January 31, 2000
HB-2411 would require a mandatory three-year prison sentence for anyone with four or more DUI convictions within seven years. HB-2412 would create two degrees of vehicular assault, depending on seriousness of victim injuries. A near-death injury would carry a first-degree charge, while the second-degree charge for a less severe injury would carry a lighter sentence.
"Chronic drunk drivers need to be taken off the road, and drunk drivers who cause injuries deserve more than a slap on the wrist," said Lovick, vice-chair of the Criminal Justice and Corrections Committee and a State Patrol trooper for 26 years. "Few drunken drivers serve significant prison time when they injure another person. My proposals will make Washington drunken-driving laws smarter and easier to prosecute.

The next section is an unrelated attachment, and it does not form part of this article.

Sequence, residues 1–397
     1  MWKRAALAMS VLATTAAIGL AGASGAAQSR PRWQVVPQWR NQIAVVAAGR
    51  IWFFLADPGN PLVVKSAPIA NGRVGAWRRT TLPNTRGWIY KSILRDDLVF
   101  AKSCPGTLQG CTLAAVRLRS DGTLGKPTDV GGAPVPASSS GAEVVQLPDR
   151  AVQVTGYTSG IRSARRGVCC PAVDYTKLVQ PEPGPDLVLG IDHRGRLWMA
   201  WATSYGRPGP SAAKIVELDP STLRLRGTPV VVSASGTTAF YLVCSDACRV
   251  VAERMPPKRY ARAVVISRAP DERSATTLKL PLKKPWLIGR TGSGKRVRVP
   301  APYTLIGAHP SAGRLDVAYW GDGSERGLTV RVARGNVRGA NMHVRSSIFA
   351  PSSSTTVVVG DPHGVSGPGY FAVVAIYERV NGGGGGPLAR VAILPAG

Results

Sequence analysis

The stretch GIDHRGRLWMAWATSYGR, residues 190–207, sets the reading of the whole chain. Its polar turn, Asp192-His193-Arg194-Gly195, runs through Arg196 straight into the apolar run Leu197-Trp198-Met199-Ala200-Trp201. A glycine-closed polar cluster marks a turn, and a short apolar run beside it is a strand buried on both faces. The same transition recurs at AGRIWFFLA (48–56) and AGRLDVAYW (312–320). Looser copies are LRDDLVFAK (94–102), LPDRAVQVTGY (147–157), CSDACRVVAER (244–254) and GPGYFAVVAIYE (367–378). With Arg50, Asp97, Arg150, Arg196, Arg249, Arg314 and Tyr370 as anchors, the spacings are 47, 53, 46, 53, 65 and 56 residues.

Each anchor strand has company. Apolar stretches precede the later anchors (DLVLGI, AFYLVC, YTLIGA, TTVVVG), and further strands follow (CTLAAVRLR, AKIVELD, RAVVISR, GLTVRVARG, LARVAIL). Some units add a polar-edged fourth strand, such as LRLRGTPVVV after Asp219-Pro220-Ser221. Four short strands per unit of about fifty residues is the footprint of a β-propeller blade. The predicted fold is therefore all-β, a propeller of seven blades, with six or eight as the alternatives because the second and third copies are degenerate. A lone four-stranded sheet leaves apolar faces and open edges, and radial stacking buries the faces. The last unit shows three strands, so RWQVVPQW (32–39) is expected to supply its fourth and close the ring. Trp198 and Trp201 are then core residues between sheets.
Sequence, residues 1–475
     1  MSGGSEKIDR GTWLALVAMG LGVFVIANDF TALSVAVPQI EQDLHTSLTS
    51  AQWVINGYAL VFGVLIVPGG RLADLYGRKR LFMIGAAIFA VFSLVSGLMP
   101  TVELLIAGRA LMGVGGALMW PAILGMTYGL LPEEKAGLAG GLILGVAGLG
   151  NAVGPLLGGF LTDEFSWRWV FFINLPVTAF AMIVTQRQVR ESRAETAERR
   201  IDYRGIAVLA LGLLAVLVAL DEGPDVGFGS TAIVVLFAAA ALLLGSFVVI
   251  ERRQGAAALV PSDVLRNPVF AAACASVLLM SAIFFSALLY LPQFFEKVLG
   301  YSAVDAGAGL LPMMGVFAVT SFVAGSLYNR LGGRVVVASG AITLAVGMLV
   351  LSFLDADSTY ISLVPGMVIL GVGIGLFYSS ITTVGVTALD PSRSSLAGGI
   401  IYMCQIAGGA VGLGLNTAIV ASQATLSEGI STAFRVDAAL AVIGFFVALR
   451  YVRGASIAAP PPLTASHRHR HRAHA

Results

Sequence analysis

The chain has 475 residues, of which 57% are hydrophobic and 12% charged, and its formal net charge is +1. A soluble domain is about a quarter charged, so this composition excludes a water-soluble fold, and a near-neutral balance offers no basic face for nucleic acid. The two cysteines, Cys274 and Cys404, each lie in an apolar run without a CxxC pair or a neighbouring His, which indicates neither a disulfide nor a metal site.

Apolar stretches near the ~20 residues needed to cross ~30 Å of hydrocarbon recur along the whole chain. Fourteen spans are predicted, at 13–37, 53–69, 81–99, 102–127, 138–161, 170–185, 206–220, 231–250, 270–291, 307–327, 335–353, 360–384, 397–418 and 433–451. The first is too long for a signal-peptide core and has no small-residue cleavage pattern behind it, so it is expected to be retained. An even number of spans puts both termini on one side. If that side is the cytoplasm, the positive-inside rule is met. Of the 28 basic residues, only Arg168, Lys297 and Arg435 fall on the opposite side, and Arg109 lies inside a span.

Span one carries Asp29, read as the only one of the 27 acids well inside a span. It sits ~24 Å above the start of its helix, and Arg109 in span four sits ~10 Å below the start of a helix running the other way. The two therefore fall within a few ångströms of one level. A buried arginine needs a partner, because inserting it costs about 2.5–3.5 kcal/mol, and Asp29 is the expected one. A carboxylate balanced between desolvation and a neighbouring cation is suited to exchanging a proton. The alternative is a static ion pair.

"Washingtonians are serious about condemning drunken driving. By lowering the DUI threshold to 0.08 percent a year ago, we are now discouraging drinking and driving. We now need tougher penalties to get chronic, repeat offenders off the street."
About 6,000 Washington residents--one of four drunken drivers--have two or more DUIs on their records, Lovick said. More than 50 have six or more convictions in the past 10 years and are still driving, according to the Office of the Administrator for the Courts, which makes statewide collection of court records. Repeat drunken drivers pose nearly double the risk of causing a fatal crash than other drivers, according to a National Highway Traffic Safety Administration report.
Prosecutors have complained that current penalties are too lenient for drunken drivers who cause life-threatening injuries, leaving penalties too low for drunken drivers who cause less than life-threatening injuries, said Lovick.
Alcohol-related wrecks cost state taxpayers $460 million in medical costs and property damage every year. State court records show 9,700 drunken-driving citations were issued in 1998, the last year for which official records have been compiled.